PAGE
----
In 2018, China celebrates the 40th anniversary of its reform and opening-up. In his keynote speech at the opening ceremony of the annual Boao Forum for Asia Annual Conference in April, President Xi Jinping said China will complete its revision of the negative list on foreign investment in the first half of the year and implement an across-the-board management system based on pre-establishment national treatment and the negative list.
On Thursday, a new shortened negative list was unveiled by the National Development and Reform Commission and the Ministry of Commerce, honoring the promise of greater opening-up the Chinese leadership made to global investors. It also once again signifies China's resolute confidence and determination to continue the push for economic globalization and to work together toward common progress.
The updated negative list is considerably shorter than the previous version, with the number of off-limit items reduced to 48 from 63. The list further narrows the scope of approval on foreign investment as well as points to a range of opening-up measures.
The revision of the list heralds a substantial move toward further opening-up of the Chinese economy. In the financial arena, the country has announced that it will remove the limit on foreign ownership in the banking sector and relax foreign ownership limits to 51 percent in securities, fund management, futures and life insurance firms. By 2021, all limits on foreign shareholding in the financial area will be lifted.
The country has also moved to scrap curbs on foreign investment in the main rail network and power grid system, among other efforts to remove constraints on foreign investment in a variety of sectors.
Illustration: Luo Xuan/Global Times
Overall, the new negative list features several bright spots that are worth a mention.
It marks an elevated level of openness. The list reveals 22 opening-up measures in areas ranging from finance to energy to agriculture, and it indicates a cut of about one-fourth in the number of items on the list that are off-limits for foreign investors. Especially in some keenly watched areas, China has dramatically reduced limits on foreign investment, factoring in the actual level of domestic development of these areas.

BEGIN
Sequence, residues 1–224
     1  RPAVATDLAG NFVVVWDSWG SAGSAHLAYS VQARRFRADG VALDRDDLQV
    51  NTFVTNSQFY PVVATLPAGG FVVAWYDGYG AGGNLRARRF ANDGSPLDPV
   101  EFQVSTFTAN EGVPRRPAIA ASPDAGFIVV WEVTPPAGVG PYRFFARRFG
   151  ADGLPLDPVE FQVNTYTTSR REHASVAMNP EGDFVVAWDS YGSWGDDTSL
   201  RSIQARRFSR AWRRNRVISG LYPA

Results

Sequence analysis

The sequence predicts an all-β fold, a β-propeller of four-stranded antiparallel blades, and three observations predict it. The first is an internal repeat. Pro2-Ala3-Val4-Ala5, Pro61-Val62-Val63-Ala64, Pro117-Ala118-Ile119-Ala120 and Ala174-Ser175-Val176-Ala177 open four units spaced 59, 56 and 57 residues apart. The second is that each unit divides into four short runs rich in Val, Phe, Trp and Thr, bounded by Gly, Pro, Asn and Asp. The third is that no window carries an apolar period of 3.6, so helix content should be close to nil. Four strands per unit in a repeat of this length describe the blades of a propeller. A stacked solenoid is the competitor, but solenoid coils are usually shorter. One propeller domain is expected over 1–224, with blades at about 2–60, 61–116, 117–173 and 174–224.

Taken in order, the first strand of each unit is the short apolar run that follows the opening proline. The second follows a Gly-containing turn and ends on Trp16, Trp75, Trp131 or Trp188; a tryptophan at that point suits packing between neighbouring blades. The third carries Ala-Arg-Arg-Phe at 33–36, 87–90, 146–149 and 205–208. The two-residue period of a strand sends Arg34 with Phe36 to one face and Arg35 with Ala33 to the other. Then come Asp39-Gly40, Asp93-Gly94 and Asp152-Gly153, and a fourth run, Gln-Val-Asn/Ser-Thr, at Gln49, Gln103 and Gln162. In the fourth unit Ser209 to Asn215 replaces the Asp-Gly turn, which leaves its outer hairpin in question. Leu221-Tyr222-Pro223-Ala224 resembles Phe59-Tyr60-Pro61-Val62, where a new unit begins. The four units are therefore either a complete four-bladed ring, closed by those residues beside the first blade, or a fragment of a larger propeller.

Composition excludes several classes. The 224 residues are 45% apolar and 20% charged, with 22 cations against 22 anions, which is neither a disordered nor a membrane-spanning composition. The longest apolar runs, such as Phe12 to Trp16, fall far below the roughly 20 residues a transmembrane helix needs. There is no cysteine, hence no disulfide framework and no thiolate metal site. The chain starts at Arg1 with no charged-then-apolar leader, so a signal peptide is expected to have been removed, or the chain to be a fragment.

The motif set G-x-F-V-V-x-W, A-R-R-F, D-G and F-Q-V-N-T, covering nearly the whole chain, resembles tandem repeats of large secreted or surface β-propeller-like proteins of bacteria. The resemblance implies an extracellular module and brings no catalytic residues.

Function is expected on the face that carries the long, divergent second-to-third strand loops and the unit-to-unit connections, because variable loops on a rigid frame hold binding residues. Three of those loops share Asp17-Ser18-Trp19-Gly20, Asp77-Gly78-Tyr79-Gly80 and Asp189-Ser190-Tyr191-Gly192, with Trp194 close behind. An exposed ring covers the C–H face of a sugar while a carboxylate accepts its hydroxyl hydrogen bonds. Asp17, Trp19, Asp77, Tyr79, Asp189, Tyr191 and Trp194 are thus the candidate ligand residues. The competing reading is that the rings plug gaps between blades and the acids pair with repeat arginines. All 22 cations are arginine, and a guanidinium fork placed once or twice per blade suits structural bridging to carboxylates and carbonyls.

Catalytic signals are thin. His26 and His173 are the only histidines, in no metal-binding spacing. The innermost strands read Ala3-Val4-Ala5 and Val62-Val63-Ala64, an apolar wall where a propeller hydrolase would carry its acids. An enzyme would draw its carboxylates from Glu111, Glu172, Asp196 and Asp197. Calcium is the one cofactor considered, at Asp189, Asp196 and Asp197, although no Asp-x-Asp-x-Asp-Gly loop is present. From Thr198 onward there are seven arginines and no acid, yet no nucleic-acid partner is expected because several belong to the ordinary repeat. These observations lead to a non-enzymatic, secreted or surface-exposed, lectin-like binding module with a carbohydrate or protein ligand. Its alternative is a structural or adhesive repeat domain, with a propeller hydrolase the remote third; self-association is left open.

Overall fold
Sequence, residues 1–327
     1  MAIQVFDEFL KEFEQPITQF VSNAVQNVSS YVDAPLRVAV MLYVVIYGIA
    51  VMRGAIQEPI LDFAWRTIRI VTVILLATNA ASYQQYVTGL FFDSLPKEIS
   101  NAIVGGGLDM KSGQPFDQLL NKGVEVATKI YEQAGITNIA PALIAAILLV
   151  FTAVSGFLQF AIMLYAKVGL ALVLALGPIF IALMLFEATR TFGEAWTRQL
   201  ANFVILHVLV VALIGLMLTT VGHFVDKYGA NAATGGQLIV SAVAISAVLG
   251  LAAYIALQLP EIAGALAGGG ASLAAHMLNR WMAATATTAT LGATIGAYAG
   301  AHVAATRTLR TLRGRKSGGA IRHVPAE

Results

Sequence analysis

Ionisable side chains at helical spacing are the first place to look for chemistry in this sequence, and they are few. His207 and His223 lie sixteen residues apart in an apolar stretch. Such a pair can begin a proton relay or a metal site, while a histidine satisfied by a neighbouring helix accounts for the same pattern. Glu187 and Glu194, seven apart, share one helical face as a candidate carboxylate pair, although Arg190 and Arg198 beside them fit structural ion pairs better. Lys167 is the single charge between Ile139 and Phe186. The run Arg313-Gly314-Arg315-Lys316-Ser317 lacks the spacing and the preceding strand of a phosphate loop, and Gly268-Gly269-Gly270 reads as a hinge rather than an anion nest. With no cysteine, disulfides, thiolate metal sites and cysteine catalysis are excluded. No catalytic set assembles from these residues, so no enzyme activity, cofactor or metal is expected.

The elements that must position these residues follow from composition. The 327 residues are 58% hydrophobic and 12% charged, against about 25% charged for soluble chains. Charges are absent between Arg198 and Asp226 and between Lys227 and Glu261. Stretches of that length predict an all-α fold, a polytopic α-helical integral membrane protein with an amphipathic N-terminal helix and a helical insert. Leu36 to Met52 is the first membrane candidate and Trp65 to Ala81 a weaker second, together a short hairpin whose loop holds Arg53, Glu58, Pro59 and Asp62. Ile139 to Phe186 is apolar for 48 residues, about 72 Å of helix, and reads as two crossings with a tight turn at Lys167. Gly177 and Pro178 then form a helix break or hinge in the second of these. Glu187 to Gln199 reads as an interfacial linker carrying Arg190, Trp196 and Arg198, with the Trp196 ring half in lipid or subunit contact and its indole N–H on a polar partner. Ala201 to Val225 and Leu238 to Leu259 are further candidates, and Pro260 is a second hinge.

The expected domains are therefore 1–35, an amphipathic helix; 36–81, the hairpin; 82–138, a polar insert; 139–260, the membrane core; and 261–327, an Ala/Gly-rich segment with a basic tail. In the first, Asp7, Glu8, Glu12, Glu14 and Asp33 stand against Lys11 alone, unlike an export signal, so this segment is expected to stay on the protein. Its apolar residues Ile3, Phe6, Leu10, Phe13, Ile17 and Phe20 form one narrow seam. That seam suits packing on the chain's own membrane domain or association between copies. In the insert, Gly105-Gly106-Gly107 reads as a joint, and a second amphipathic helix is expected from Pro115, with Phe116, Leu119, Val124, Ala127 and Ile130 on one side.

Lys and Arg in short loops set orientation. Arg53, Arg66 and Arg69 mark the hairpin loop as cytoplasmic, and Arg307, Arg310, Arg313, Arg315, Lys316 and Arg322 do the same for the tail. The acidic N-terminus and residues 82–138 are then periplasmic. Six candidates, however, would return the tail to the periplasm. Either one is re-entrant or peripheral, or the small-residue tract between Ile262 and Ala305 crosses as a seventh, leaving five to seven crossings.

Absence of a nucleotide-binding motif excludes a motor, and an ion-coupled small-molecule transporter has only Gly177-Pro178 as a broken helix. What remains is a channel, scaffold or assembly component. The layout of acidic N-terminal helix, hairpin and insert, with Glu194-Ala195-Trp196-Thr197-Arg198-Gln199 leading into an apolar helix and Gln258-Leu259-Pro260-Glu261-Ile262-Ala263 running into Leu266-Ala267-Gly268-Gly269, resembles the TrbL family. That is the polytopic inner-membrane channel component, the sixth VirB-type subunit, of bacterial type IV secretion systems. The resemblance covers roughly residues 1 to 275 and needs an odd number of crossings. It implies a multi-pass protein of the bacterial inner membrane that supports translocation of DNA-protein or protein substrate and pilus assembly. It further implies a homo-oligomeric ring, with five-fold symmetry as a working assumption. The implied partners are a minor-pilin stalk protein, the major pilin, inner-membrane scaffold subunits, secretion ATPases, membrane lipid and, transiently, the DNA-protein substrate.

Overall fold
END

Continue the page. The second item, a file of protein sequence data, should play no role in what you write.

For instance, not only has the country announced it will lift restrictions on foreign investors' access to manufacturing areas such as cars, aircraft and ships, but it has also granted wider access in the fields of finance, transport, agriculture and energy to foreign investors.
This fully illustrates that reforms of the country's mechanism for foreign investment management are moving in a direction that is more open, flexible and efficient, which matters greatly for the creation of a new economic system that stresses openness.
Additionally, the new list indicates increased transparency. It specifies management rules such as ownership requirements and restrictions on senior executives while also removing the stipulation that if there are provisions specified otherwise by the country's laws and regulations, those provisions shall prevail. Further, pursuant to requirements for applying pre-establishment national treatment plus a negative list, all areas not on the negative list will be managed in a way that ensures equal treatment for foreign and domestic investment.
The new list will build a fairer, more transparent and convenient environment for foreign investors, as well as drive comprehensive opening-up and provide a sound foundation for quality growth. The new list, in addition to other recent measures, will support foreign investment looking to the Chinese market for opportunities.
China's door to the outside world will only be opened wider, and it will turn China into an even more attractive destination for investment. These proactive measures will also strengthen China's investment cooperation with other countries and regions, facilitating capital, technology, management and talent exchanges on a larger scale.
All told, these measures will achieve reciprocity and win-win results - representing a step further toward economic globalization.
The author is an associate research fellow at the Chinese Academy of International Trade and Economic Cooperation.